CYCLISTS struggling in heavy traffic through a "dangerous" one-way system could benefit from plans to improve road safety.
The Wellington Gyratory, the main route into Highgate from the A1, is often jammed with motorists and blighted by traffic fumes making it almost impossible to navigate the busy network of lanes.
TfL had looked into various ways to ease traffic flow in consultation with residents and decided that removing the gyratory altogether would be too expensive.
Hundreds of millions of pounds are spent ‘improving’ roads for motorists but when it comes to improvements for cyclists and pedestrians, suddenly it all becomes far too expensive. And that toxic term ‘easing traffic flow’ usually means simply accommodating increasing amounts of motor traffic and promoting car dependency and fossil fuel addiction.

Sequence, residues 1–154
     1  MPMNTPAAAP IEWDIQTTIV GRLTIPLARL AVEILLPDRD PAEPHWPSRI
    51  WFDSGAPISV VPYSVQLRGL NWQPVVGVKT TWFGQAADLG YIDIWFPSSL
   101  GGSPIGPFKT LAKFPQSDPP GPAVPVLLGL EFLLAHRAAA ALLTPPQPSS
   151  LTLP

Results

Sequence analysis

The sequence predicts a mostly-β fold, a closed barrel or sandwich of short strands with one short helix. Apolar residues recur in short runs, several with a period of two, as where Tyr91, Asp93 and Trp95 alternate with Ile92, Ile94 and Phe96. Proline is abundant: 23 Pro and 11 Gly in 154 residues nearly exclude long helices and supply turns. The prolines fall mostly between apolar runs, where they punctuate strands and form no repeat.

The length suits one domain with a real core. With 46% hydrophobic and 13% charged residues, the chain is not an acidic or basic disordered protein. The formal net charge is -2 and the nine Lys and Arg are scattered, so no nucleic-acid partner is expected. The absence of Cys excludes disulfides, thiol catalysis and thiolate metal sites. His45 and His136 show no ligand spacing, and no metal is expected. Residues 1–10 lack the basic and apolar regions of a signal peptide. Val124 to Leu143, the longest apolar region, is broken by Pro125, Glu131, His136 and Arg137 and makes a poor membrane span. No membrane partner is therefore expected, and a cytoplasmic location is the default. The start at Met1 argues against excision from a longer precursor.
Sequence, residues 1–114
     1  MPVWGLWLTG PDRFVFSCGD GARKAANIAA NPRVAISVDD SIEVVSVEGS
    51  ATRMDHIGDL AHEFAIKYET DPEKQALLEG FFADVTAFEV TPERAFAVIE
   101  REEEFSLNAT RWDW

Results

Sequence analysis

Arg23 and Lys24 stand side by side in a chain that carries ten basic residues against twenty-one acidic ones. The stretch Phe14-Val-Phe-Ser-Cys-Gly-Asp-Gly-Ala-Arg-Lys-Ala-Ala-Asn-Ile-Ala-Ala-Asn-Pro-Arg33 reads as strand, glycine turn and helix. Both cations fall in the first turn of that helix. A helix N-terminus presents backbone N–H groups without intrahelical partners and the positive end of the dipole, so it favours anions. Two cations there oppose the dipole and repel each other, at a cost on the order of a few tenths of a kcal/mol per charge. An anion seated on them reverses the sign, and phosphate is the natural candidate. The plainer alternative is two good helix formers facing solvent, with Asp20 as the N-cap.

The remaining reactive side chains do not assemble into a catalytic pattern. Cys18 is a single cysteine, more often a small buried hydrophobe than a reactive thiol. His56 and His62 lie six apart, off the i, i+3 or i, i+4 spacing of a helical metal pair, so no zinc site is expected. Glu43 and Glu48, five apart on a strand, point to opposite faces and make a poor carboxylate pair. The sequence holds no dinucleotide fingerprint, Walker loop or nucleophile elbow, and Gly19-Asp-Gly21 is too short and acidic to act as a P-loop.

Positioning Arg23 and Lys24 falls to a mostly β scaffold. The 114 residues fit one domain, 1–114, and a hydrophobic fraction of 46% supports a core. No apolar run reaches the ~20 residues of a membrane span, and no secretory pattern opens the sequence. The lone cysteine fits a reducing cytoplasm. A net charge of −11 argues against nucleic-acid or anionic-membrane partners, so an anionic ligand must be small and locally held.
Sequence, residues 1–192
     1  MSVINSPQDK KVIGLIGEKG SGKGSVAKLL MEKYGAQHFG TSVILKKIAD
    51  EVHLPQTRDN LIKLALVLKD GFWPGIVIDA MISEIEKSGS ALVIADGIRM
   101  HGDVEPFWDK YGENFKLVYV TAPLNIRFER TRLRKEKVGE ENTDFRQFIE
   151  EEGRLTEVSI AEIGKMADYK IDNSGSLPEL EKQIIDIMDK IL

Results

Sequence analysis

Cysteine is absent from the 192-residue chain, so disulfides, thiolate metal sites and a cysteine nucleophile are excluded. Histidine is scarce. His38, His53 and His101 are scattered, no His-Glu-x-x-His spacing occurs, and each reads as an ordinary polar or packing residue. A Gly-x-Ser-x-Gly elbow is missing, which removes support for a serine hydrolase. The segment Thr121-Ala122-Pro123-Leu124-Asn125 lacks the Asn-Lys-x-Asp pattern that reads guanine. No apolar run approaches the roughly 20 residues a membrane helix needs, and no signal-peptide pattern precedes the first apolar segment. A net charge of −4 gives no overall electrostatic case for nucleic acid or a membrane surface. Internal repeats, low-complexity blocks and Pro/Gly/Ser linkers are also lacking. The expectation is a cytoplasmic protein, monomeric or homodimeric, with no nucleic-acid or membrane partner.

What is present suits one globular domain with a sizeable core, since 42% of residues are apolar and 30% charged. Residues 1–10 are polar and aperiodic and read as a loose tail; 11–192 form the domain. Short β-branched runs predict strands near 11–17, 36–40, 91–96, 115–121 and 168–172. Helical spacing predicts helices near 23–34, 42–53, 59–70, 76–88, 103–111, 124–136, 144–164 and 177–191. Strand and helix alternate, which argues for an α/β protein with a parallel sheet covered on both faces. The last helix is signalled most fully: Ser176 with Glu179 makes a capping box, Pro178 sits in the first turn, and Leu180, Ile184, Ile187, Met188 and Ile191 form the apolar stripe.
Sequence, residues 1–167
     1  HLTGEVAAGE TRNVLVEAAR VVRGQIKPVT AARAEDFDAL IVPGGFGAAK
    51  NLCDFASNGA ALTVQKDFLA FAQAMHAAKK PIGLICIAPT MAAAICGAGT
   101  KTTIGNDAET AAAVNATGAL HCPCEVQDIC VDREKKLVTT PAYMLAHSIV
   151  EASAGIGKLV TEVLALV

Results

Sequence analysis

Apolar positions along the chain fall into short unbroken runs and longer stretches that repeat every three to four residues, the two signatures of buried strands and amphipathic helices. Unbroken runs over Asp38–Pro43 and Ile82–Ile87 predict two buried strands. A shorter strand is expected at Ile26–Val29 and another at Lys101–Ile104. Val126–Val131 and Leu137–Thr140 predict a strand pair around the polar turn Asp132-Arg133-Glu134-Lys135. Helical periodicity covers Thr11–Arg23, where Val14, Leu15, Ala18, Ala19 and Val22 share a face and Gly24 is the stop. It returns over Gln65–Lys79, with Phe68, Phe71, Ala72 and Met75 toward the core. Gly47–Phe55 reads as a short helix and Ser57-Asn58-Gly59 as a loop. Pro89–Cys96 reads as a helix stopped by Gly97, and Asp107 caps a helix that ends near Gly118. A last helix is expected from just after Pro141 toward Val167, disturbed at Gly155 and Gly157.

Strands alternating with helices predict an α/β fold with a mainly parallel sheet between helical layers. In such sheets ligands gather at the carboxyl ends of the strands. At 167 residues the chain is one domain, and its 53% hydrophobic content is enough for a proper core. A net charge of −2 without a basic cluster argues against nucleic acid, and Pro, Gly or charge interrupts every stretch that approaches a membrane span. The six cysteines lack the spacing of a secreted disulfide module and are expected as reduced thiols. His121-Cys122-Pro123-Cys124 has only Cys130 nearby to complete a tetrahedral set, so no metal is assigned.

However, there is a possible little ray of sunshine:
A TfL spokeswoman said: "Transport for London is currently looking at whether a segregated cycle lane can be installed around the Wellington Gyratory to help improve cycle safety. This work is currently in the design stage and if approved, TfL hopes to be able to carry out the work within the next financial year.
I reserve judgement on what a TfL 'segregated cycle lane' will turn out to be like. In my experience British segregated cycle lanes are poorly maintained and usually involve the cyclists having to give way at entrances and side roads, slowing you down so much you might just as well stick to the main road. Which is precisely what most cyclists in Waltham Forest do on Lea Bridge Road (A104).